Ian Gass, 1926-1992

A decade after his death we republish an obituary of Ian Gass. It is by Arthur Butcher who was responsible for the OU’s science in Scotland between 1971 and 1992.

Ian Graham Gass, geologist, born Gateshead 20 March 1926, staff Sudan Geological Survey 1952-55, Cyprus Geological Survey 1955-60, Assistant Lecturer Leicester University 1960-61, Lecturer / Senior Lecturer Leeds University 1961-69, Professor of Earth Sciences and Head of Discipline Open University 1969-82, Personal Chair 1982-91, Emeritus Professor 1991-92, FRS 1983, Honorary Visiting Professor Leeds University 1992, married 1955 Mary Pearce (one son, one daughter), died Bedford 8 October 1992.

THE SCIENTIFIC revolution completed at the close of the 1960s transformed dull and boring Geology into dynamic Earth Sciences. In Britain, the coincidental setting up of the Open University provided Ian Gass with the clean slate he needed to found a department of world renown, in both teaching and research.

Based at Walton Hall in Milton Keynes, the heart of the UK’s largest and most distinctive university, the Department of Earth Sciences reaches out to an entirely part-time, adult undergraduate student body scattered the length and breadth of Britain, Northern Ireland and, increasingly, beyond. It was Gass’s department until he stepped aside in 1982 and, having survived problems of health which would surely have defeated lesser mortals, he finally succumbed to another stroke just one year after his retirement from a Personal Chair in 1991. He was Emeritus Professor in Earth Sciences at the time of his death.

Born in Gateshead in 1926 and educated first at the Royal Grammar School, Newcastle upon Tyne, and then in Huddersfield, Ian Gass always maintained that his ancestral home was a pile of crumbling stones somewhere in Perthshire. After service in the Army towards the end and in the aftermath of the Second World War, he entered Leeds University, where he graduated BSc in 1952. His principal mentor there was WQ Kennedy, famed for his fundamental geological work in the Scottish Highlands and who provided inspiration and vision for a succession of students. Gass subsequently graduated MSc 1955, PhD 1960 and DSc 1972, all at Leeds University.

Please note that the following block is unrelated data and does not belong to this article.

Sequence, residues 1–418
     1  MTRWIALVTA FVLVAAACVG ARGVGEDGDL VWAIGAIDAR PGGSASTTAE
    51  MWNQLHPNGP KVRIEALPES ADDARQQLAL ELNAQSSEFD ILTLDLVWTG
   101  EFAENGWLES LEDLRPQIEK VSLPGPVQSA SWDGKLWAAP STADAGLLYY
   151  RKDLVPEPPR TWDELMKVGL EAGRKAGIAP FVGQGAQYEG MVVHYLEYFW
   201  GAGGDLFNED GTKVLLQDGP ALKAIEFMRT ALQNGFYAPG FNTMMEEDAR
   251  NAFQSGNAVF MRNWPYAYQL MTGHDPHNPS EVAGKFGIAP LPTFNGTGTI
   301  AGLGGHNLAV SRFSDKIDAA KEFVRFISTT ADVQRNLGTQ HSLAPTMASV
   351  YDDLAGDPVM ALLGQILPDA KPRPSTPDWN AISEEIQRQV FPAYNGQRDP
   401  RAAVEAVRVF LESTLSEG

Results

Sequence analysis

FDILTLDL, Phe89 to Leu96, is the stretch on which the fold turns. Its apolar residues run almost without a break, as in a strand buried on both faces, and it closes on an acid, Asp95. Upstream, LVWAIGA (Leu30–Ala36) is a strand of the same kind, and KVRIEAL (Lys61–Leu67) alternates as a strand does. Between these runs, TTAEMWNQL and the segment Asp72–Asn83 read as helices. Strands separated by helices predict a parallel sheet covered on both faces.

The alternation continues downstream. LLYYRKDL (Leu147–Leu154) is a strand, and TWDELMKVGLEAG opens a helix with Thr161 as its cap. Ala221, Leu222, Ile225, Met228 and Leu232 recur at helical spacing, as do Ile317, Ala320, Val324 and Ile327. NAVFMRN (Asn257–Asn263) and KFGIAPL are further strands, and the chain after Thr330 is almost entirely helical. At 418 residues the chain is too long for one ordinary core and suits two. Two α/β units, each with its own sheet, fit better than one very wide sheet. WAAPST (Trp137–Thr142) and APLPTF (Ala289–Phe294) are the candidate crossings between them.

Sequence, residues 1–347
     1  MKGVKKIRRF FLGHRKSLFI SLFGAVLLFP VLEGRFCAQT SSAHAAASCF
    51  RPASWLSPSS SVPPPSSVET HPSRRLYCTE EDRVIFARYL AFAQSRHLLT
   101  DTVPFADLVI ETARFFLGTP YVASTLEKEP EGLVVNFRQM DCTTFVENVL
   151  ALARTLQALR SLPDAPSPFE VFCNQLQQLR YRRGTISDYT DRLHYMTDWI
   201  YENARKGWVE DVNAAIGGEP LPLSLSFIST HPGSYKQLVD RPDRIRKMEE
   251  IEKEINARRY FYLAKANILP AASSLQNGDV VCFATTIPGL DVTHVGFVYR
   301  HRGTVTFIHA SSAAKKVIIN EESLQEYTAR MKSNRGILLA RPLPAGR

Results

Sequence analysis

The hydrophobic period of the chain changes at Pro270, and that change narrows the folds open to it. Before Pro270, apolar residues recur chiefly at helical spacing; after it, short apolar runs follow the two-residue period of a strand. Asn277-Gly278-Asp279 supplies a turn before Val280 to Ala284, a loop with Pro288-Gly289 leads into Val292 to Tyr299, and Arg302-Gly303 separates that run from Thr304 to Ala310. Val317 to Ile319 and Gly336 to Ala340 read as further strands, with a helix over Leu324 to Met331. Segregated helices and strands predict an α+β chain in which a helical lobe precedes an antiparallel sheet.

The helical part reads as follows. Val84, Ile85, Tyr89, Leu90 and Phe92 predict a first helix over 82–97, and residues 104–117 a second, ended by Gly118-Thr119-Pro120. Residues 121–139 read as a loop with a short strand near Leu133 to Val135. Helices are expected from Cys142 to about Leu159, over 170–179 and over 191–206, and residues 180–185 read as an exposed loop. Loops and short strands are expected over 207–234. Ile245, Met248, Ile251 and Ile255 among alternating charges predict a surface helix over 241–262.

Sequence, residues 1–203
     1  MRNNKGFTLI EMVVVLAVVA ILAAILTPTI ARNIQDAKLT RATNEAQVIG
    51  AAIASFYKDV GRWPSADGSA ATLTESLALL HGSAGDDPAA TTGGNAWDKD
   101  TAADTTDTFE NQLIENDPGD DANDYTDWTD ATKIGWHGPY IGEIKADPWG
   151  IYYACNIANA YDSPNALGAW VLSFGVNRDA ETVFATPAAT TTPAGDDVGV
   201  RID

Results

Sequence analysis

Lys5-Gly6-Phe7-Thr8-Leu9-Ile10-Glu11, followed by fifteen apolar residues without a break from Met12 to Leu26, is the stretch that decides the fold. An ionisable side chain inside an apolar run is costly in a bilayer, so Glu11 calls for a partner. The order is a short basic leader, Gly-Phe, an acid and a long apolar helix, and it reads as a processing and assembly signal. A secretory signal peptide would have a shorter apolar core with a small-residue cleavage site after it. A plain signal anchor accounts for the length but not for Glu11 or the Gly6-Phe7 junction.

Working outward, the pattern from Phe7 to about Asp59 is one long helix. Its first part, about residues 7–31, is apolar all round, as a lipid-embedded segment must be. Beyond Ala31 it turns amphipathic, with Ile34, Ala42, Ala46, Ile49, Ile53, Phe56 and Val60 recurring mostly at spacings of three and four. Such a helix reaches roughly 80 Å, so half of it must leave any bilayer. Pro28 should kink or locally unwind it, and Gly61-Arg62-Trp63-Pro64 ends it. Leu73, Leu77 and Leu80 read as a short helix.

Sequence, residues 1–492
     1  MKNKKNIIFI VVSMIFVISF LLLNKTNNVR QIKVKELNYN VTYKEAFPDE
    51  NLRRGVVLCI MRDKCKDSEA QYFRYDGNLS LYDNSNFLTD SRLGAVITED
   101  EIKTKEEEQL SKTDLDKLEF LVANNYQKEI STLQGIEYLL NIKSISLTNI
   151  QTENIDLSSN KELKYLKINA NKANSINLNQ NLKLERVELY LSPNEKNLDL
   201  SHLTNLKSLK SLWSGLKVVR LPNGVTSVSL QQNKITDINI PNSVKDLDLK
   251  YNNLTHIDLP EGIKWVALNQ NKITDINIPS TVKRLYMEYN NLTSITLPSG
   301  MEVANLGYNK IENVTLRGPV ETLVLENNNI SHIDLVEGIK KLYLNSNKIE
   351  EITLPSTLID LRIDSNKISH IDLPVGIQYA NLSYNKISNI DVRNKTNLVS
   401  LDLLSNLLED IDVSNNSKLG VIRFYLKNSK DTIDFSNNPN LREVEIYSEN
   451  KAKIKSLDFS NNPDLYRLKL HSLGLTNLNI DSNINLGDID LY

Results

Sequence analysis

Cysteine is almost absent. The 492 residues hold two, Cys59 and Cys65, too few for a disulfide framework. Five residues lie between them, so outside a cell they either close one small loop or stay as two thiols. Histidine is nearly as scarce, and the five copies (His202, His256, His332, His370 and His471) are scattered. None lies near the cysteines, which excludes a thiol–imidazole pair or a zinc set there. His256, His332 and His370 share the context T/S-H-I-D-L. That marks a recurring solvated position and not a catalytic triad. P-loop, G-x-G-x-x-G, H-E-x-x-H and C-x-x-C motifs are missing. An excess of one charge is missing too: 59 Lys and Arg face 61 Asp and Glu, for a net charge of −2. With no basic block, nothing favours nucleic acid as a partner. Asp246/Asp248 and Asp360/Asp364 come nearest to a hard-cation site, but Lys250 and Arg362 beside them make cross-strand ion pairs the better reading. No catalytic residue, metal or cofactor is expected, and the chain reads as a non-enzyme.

Thus encouraged by Kennedy, Ian Gass joined the staff of the Sudan Geological Survey in 1952, moving to the Cyprus Geological Survey in 1956 where he served until 1960. His years as a survey geologist laid the foundation for his remarkable achievements in later life as a teacher and researcher, as it did for Kennedy and has done for so many other notable geologists. Specifically, the island of Cyprus caught his imagination and enabled him later to formulate his ideas, first published in Nature in 1968, that there is to be seen in Cyprus a fragment of old ocean floor, caught and pushed up between the colliding continents of Africa and Eurasia to the north. Many of Gass’s scientific publications, around 100 in total, concern the intriguing rocks to be found in the ancient oceanic crust, collectively termed ophiolites, and with which his name will always be associated.

Leaving the life of a survey geologist, Ian Gass had the great good fortune to spend a year as Assistant Lecturer in Geology under Peter Sylvester-Bradley, FW Bennett Professor in the infant University of Leicester. He thus came under the spell, albeit briefly, of one of the most remarkable heads of department ever to grace the university scene. Attracted back to Leeds by Kennedy, Gass spent the 1960s first as Lecturer, then Senior Lecturer in Geology.

At Leeds, Kennedy had established in 1955 a Research Institute of African Geology which he directed until his retirement in 1967, when he was succeeded by Robert Shackleton. The 1960s were thus productive years for Gass in his research effort, no doubt fuelled by his common cause with both Kennedy and Shackleton. In 1962, he led the Royal Society expedition to Tristan da Cunha, following the eruption and subsequent evacuation of the tiny population on that remote outpost in the South Atlantic earlier that year. In 1970 was published a major text of 461 pages, African Tectonics and Magmatism, co-edited with Tom Clifford.